The Shock Doctrine

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Crooks & Liars Book of the Month: The Shock Doctrine

Mark Groubert, Crooks and Liars, January 19, 2008

Men like Jonas Salk, Lenny Bruce and J. Edgar Hoover, these men thrive upon the continuance of segregation, violence, and disease. The purity they dost protest a need for, they dost feed upon. Thank You, Masked Man.
- Lenny Bruce

The Year of the Naomis

Excerpt from Jim Freeman,, November 26, 2007

Naomi Klein, on the other hand, dispels any notions you may have had about the CIA and its usefulness as a tool in the belt of American democracy.

A Canadian journalist, Klein ruthlessly and in agonizingly researched detail, carries us through Milton Friedman’s Chicago School of nation building. Klein has done the legwork, so we needn’t tromp our way up and down the dusty corridors, lined with closet after closet, ringing with the cries of the tortured, the disappeared, the silenced witnesses to grand theft of their countries.

Klein Attacks; Reason Magazine Goes AWOL

Alexander Zaitchik, The Exile, November 18, 2007

“So who's reviewing Naomi Klein's searing indictment of that bloodthirsty scoundrel Milton Friedman? I read a few pages in the store, and it appears he was little more than a bookwormy Jim Jones.”

Book Review: Naomi Klein's "The Shock Doctrine"

SusanG, Daily Kos, October 14, 2007

... the [Milton Friedman] Chicago School strain of capitalism does indeed have something in common with other dangerous ideologies: the signature desire for unattainable purity, for a clean slate on which to build a reengineered model society.


Far from freeing the market from the state, these political and corporate elites have simply merged, trading favors to secure the right to appropriate precious resources previously held in the public domain—from Russia’s oil fields, to China’s collective lands, to the no-bid reconstruction contracts for work in Iraq.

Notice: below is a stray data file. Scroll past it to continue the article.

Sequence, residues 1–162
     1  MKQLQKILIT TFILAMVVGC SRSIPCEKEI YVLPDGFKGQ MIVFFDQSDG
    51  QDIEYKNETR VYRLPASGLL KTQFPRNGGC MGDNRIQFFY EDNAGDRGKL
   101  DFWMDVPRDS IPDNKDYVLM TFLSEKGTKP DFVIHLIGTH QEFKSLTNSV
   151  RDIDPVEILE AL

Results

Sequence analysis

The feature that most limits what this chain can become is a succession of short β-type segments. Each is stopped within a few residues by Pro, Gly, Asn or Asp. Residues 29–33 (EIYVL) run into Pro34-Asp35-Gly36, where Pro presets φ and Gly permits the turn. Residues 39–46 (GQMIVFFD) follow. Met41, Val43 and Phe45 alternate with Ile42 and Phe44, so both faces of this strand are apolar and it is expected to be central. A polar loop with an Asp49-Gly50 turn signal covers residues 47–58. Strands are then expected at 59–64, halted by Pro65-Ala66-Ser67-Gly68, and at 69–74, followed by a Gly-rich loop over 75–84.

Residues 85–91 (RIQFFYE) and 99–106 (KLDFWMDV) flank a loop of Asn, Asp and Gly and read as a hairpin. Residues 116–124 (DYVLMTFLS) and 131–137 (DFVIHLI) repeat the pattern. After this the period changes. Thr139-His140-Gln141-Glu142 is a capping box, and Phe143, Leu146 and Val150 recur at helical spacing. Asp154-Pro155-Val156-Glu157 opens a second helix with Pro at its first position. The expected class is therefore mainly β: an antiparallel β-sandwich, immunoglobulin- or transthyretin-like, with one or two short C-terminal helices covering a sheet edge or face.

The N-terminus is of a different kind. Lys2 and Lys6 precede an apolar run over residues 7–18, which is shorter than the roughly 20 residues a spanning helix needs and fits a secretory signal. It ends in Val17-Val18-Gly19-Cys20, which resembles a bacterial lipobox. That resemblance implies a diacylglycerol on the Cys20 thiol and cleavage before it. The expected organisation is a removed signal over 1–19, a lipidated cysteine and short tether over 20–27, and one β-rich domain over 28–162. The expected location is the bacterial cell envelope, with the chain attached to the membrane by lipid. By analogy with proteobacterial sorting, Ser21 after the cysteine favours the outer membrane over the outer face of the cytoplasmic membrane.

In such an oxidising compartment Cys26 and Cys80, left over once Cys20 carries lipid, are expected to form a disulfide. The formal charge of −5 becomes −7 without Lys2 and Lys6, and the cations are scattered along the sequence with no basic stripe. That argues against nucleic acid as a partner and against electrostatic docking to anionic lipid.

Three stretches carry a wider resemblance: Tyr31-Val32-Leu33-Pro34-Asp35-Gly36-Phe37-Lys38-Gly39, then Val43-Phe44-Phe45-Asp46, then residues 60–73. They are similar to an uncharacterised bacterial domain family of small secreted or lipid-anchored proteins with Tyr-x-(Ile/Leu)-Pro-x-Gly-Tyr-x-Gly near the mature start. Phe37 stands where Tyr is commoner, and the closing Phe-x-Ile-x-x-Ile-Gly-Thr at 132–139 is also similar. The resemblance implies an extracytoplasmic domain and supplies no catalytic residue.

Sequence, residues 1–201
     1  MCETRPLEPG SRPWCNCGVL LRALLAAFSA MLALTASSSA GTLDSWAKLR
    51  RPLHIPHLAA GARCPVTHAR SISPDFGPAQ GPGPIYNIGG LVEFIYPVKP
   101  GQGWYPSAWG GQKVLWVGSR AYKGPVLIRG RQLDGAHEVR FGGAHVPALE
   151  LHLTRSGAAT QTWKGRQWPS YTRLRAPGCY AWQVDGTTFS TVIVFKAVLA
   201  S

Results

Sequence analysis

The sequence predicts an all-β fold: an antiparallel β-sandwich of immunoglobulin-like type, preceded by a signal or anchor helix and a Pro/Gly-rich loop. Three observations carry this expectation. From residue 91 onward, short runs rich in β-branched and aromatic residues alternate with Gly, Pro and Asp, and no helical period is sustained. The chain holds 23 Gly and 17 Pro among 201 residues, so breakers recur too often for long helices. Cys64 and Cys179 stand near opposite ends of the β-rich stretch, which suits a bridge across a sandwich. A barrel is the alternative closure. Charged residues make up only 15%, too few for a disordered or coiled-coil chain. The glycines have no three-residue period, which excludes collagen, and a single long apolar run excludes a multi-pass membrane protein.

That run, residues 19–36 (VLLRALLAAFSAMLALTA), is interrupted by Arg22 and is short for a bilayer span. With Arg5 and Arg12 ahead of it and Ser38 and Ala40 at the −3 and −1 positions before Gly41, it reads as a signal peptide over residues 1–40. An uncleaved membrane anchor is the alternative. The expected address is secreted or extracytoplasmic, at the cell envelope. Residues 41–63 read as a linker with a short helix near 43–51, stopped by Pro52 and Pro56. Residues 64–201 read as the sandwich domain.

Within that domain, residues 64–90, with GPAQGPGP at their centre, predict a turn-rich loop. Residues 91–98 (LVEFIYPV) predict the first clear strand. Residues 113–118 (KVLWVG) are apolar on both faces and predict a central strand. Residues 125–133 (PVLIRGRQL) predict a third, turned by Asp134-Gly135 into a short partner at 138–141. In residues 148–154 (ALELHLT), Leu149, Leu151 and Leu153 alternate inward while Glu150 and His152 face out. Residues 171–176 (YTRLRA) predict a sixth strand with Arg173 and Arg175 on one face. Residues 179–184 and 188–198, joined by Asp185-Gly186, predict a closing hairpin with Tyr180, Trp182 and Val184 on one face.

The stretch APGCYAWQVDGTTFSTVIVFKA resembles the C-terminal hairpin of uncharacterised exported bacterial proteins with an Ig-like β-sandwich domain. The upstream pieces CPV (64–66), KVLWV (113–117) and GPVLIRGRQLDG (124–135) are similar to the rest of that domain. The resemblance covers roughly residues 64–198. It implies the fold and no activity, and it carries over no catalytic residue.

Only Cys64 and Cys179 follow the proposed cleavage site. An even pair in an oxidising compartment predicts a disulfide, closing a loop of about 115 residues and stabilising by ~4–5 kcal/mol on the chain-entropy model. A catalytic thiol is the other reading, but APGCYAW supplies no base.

Naomi Klein, Friedman Fighter

Rick Simonson, Publisher Weekly's blog, October 1, 2007

It was a Thursday night (this past), Seattle's Town Hall, an audience of over 700 gathered. After being introduced, Naomi Klein came to the microphone, made gracious acknowledging remarks, and then cited the applause in the room that burst out when the Seattle anti-WTO demonstrations of November 30, 1999 were mentioned. The spirit of those demonstrations, the public protest and stand against virtually unmitigated corporate rule over the sovereignty of other countries and other people within those countries (including our own), were much the spirit she wanted to tap into with the new book she was there to speak of, her brilliant,damning The Shock Doctrine: The Rise of Disaster Capitalism (Metropolitan).

New Books By Alan Greenspan and Naomi Klein: One is Prophetic, One is Pathetic

Arianna Huffington, Huffington Post, September 25, 2007

A fascinating dispute on modern economics -- and the dominant role it plays in our politics - is currently taking place in America's bookstores.

On one side is Alan Greenspan, whose The Age of Turbulence: Adventures in a New World offers his usual free market uber alles philosophy, while attempting to rehabilitate his tattered image (which is worth about as much as the U.S. dollar these days).

On the other side is Naomi Klein, whose The Shock Doctrine: The Rise of Disaster Capitalism offers an alternative economic history of the last 30 years and, using the war in Iraq as a mind-blowing example, pulls the curtain back on free market myths and exposes the forces that are really driving our economy.

Klein's book is powerful and prophetic. Greenspan's is pitiful and pathetic.
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